The associated companies, in which Denel is a minority shareholder, are naturally outside of this structure and will develop autonomously. The takeover of Carl Zeiss Optronics by EADS Cassidian does not faze Saloojee. “Denel has certain pre-emptive rights,” he points out. (This also applies to the other associated companies). “Any changes in strategy, structure and so on will require our approval. Moreover, Cassidian is very focused on the defence and security business. The Carl Zeiss group was not. The defence business was small for them. So the Cassidian takeover could be an opportunity for us. It could give us greater access to more markets,”

Facing the future

The Denel group now has two main areas of effort. One is to ensure that potential orders are converted into actual contracts. The other is to optimise its cost base, to a level appropriate for a company of its size. “These are the main focuses for the next 18 months,” he affirms.

In addition, Denel must look to the future, in technological terms. It must rejuvenate its current products and make sure it invests adequately into research and development and into “new integrated solutions”.

The group also has to explore new market segments. For example, using its system integration capabilities to move into the decision-making support sector, by developing decision support systems and command and control systems, for both military and civilian missions.

Marketing must also be improved and targetted on the most promising markets. “Denel has a good brand name,” highlights Saloojee. “It is well known throughout the world. And some divisions, like Denel Dynamics, Mechem and PMP, are even better branded than the Denel group. The clustering of our entities will allow a much more dynamic branding initiative, but there will be no fundamental change in branding.”

With North America and Europe still mired in recession, the group is seeking to target those parts of the world that are still economically dynamic – or, at least, less affected by the downturn. These include the Middle East, South East Asia and Latin America, where Denel already has a presence. And, of course, Africa. “We’ve got to have a much more robust African strategy,” he asserts.

South Africa’s and Africa’s leading aerospace and defence exposition, Africa Aerospace and Defence (AAD) 2012, which will take place next month, is going to be put to good use by Denel. “We’re very excited at the moment, leading up to AAD. We see it as an opportunity to showcase Denel and launch the new strategic perspective for the company,” he enthuses. “Hopefully, at the show we’ll be announcing new strategic relationships that we’ve managed to secure over the past six months.”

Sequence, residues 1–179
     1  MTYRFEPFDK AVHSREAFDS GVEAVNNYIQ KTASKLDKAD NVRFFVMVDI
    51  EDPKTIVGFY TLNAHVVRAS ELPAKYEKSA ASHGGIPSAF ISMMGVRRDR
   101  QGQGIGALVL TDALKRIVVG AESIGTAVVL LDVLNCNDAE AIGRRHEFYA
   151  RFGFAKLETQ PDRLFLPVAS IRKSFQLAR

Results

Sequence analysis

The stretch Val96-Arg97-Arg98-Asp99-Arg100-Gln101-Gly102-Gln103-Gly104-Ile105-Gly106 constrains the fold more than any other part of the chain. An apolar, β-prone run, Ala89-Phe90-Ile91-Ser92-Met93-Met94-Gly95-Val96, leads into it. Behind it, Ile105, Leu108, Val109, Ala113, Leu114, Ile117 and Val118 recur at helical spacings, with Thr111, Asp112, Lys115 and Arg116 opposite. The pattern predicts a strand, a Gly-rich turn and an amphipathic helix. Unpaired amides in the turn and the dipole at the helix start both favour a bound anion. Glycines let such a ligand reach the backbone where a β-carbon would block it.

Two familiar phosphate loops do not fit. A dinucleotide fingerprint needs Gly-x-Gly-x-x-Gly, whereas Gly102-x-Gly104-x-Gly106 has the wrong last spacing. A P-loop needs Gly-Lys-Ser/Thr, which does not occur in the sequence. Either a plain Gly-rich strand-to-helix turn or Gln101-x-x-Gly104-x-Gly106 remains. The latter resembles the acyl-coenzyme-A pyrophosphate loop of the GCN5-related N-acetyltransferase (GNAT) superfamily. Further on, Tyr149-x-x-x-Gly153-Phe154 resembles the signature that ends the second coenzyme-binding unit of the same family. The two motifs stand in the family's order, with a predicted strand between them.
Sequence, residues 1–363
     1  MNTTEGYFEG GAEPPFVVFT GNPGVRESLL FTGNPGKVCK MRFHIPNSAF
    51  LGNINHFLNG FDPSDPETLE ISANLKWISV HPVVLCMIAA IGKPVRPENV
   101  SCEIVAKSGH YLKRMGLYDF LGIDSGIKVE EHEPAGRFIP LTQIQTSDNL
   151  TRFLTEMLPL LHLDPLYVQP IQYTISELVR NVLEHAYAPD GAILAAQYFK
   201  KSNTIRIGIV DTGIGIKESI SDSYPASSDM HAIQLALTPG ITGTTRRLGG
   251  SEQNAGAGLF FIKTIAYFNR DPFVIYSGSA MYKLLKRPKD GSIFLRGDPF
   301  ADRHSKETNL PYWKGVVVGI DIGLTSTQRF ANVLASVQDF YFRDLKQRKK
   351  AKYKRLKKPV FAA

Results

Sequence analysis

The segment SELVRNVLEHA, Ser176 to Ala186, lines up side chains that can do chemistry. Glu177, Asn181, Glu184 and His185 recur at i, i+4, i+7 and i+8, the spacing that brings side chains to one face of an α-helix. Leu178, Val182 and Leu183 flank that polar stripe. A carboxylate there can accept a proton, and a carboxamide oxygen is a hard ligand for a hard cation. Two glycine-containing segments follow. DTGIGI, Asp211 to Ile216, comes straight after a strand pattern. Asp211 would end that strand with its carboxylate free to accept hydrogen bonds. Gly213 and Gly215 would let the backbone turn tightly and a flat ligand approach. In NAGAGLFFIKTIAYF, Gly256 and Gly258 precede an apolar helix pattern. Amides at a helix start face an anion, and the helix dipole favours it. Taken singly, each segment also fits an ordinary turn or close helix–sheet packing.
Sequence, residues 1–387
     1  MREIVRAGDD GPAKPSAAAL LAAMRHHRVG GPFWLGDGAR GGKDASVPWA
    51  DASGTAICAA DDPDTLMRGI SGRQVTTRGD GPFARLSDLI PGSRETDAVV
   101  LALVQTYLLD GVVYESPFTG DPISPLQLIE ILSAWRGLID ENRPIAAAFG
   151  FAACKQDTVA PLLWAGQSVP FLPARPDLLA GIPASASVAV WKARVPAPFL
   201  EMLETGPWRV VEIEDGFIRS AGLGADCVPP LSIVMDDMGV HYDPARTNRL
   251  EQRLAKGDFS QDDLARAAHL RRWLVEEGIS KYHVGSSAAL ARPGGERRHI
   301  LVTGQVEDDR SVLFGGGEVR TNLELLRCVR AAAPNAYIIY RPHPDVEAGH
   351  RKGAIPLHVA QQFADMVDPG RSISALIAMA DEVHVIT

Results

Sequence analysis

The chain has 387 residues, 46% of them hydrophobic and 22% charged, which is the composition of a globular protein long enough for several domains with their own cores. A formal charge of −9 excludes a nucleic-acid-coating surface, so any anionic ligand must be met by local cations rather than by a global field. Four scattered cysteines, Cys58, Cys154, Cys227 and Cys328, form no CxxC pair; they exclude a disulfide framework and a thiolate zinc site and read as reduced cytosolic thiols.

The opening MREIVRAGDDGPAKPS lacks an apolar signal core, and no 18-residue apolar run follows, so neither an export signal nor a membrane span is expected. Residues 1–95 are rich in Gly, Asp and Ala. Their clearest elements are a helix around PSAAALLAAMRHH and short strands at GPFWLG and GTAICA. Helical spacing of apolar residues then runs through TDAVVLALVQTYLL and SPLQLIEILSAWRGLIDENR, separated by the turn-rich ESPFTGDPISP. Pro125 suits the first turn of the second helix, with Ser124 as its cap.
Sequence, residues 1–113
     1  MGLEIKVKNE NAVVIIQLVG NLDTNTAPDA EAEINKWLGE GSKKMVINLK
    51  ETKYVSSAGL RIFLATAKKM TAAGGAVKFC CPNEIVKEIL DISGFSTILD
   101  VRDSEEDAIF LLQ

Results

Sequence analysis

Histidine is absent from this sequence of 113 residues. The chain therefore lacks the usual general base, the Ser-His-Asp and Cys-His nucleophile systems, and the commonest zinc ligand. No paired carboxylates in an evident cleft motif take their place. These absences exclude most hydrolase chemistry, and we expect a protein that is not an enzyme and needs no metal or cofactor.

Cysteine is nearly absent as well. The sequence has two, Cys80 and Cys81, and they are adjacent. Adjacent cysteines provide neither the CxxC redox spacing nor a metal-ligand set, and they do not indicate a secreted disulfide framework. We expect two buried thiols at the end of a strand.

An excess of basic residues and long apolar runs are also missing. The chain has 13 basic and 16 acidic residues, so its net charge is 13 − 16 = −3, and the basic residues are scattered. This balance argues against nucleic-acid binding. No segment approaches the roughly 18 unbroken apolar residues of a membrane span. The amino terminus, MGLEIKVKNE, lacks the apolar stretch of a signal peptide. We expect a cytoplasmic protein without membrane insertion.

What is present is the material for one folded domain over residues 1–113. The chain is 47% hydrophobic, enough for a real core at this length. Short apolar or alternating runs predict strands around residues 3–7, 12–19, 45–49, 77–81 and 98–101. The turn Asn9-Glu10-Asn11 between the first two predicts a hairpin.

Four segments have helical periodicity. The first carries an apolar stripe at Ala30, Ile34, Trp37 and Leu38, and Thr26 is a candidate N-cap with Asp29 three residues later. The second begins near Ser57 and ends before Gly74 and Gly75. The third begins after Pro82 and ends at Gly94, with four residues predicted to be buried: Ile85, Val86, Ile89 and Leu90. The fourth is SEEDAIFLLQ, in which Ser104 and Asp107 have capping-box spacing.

Rare capabilities

“For a country that is a developing country, we have certain key defence technologies here which not many other countries have,” stresses Saloojee. “Also, not many companies in South Africa – or in the developing world – have the technological skills that Denel has. We need to develop and defend the capabilities that support the SANDF and develop skills in South Africa. We also contribute significantly to enhance foreign policy and regional and international security, by working with [South Africa’s] strategic partners.”

However, the company has not been very good in explaining to South Africans its value to the country. “It’s very critical that we position Denel within civil society so that people can understand the value that we bring to the country,” he argues. “South Africans should be proud of Denel. It’s a national asset that needs to be looked after and developed. A defence industry by its very nature is a strategic industry. You’ve got to deal with it as a strategic industry. There is no defence industry that doesn’t enjoy significant support from its government. It’s during difficult times that you need support from government. There needs to be clear recognition of the relationship between Denel, the DoD [Department of Defence] and the SANDF. It’s almost a tripartite alliance!”

At last month’s Denel results presentation, Public Enterprises Minister Malusi Gigaba observed that the government was “committed to the turnaround of Denel. Additional support is being considered carefully. ... It is my view that Denel will remain a State-owned company. I am happy with the performance of the company so far. But there’s clearly a lot of work to be done.”

From the point of view of Denel, on the domestic front there is a need for better planning of defence expenditure and clarity on the funding flow, as well as better understanding of key projects. Ad hoc planning and funding is completely inadequate. There needs to be certainty and integrity in the business plan. There is now an understanding in the DoD and SANDF that such a long-term business model is needed and that it should be allowed time to consolidate.